Recently, there has been a lot of buzz over a flourishing ransomware that goes by the name of Locky, which encrypts a victim's data using a strong RSA-2048+AES-128 encryption and then demands between 0.5-2 bitcoins for the decryption of that data.
The ransomware debuted in early 2016 and is currently being distributed in various ways, including spam emails that contain Word and Excel documents with malicious macros, as well as JS scripts. Locky is also delivered via popular Exploit Kits such as Nuclear and Neutrino.
Locky has widespread reach, having been used to attack victims in over 100 countries. During its first days of activity, it managed to deploy 100,000 infection attempts per day. Just recently, the ransomware was used in an attack on a Kentucky hospital, which caused them to declare an "Internal State of Emergency."
The ThreatSTOP Research Team has been monitoring new Indicators of Compromise for this ransomware since its debut, and has analyzed hundreds of relevant indicators. During our analysis on these indicators, we noticed four outstanding domains--legitimate-looking domains with the addition of the string "qq" or "ff" at the end of the domain name. These domains sparked a follow up analysis that led to amazing results.
The first step of the analysis was to map the IP connections between the 4 initial domains:
When looking at the IPs to which these domains resolved, we found that the domain greetingsjamajcaff[.]com resolved to the 3 unique IPs (104.168.62[.]235, 74.117.183[.]252, 158.69.167[.]234) and the 3 “qq” domains had been hosted on an almost-identical pool of 11 IPs (with only blablaworldqq[.]com resolving to 54.222.176[.]70 as well) since their activation at the beginning of March.:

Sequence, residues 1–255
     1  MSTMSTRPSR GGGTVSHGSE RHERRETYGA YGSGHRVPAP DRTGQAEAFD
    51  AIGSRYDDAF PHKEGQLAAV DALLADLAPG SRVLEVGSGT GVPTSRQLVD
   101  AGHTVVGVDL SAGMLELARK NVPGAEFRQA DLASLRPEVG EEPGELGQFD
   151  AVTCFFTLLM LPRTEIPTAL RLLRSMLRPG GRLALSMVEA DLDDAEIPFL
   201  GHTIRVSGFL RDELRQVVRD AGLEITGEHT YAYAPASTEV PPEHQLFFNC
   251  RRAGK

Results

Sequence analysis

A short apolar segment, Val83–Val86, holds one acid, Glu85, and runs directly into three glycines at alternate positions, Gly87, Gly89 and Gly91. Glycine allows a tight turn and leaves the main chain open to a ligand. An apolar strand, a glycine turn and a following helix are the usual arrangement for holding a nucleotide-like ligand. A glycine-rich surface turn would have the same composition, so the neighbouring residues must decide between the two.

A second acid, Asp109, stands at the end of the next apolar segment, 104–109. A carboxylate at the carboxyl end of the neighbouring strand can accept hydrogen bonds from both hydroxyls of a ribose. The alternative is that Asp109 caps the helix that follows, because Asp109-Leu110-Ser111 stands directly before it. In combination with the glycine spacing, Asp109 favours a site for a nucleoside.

All of the IPs mentioned above similarly host “qq” and “ff” domains. This gave us a lot of material to work with, and we dived into a mapping mission of Domain-to-IP and IP-to-Domain analysis.
While looking into the IPs, we also noticed that for many of the domains, their www. subdomain resolved to the same IP as the parent domain, but not in all cases. This sent us on another hunt--searching for “www” subdomains that had not yet been seen. By doing so, we found another set of IPs, which were followed (of course) by domains.
This analysis has provided ThreatSTOP with over 130 new indicators that are related to Locky. These “qq” and “ff” domains are constantly popping up in various malware blogs in relation to Locky, and occasionally to Teslacrypt as well, another ransomware variant. We are continuing this analysis, and will continue protecting our customers from Locky ransomware.